Author(s): Souvatzidis P, Sbano P, Mandato F, Fimiani M, Castelli A
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Abstract BACKGROUND: Malignant nodular hidradenoma (MNH) is an infrequent, highly malignant, primary skin tumour derived from eccrine sweat glands. Most tumours occur in elderly individuals. MNH has very poor prognosis, high recurrence and a high rate of metastases. The best method of treatment is still unclear: radical surgical excision is widely used, and selective lymph node dissection is also suggested. The value of the adjuvant radiotherapy and chemotherapy has not been confirmed. PATIENTS AND TREATMENT: Seven MNH patients (4 men, 3 women, age 60-87 years) were treated between 1991 and 2007 in the Dermatology Unit of San Donato Hospital of Arezzo and in the Section of Dermatology of University of Siena, Italy. Tumours varied from 0.8 to 4.4 cm in size. All patients underwent local excision; five also had lymph node dissection. One patient underwent adjuvant radiotherapy, and three received chemotherapy. RESULTS: Six of seven patients died, with survival varying from 15 to 45 months. Distant metastases occurred in two patients. Survival time was inversely proportional to the size of the tumour. CONCLUSIONS: MNH is an aggressive tumour and should be diagnosed and excised as early as possible. Histological parameters are paramount, but correct diagnosis also calls for attention to clinical presentation and any history of recurrence or recent enlargement of long-standing lesions. In our experience, radiotherapy and chemotherapy do not seem to prolong survival.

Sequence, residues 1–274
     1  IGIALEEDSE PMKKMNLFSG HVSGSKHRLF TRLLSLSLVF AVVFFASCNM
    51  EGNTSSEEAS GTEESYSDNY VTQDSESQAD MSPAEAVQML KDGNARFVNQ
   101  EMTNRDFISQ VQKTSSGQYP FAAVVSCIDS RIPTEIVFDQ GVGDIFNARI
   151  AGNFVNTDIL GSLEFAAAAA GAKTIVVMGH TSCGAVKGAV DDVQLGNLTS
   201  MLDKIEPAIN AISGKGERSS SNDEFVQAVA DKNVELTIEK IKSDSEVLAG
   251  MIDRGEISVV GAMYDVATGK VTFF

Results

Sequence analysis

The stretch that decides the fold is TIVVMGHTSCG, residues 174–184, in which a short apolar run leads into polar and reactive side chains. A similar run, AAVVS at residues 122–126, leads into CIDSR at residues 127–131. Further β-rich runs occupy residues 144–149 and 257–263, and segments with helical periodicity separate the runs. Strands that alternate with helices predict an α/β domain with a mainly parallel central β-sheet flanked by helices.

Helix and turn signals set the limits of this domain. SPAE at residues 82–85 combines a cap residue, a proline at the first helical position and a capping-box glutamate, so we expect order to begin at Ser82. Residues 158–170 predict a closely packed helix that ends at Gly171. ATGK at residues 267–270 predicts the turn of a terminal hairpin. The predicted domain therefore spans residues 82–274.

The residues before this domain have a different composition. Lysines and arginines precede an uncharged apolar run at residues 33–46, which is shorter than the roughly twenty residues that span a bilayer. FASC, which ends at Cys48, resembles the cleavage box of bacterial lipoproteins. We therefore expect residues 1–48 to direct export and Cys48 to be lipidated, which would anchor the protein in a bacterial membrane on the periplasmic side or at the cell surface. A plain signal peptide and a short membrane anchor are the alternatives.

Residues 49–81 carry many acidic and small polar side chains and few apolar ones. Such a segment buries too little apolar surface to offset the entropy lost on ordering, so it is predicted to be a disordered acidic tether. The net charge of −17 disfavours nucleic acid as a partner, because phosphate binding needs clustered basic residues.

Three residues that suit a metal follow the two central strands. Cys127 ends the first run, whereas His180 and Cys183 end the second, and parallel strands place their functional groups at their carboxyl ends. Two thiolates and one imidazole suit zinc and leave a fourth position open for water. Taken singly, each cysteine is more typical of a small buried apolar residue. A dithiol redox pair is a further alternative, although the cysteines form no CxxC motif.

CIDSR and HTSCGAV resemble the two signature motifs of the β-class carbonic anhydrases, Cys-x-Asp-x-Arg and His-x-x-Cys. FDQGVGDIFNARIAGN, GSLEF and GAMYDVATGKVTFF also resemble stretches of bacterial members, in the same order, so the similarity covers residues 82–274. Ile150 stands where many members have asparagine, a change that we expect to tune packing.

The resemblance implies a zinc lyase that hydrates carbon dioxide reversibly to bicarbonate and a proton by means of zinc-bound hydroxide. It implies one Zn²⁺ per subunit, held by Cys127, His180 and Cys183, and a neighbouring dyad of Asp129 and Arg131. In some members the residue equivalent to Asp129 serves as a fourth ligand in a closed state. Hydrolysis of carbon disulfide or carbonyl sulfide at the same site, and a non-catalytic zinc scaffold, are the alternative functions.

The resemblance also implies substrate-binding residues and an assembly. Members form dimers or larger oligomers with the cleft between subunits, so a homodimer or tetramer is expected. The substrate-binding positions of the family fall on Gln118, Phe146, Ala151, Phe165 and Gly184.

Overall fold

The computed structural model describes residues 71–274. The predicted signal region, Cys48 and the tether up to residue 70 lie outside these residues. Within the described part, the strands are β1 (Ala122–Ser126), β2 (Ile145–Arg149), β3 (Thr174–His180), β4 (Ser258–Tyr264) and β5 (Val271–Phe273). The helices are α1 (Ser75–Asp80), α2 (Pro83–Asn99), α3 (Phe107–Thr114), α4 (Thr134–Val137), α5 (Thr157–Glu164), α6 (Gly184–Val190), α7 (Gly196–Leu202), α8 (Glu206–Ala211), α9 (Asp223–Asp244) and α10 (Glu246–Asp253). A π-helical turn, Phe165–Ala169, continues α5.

This article was published in J Eur Acad Dermatol Venereol
and referenced in Journal of Cytology & Histology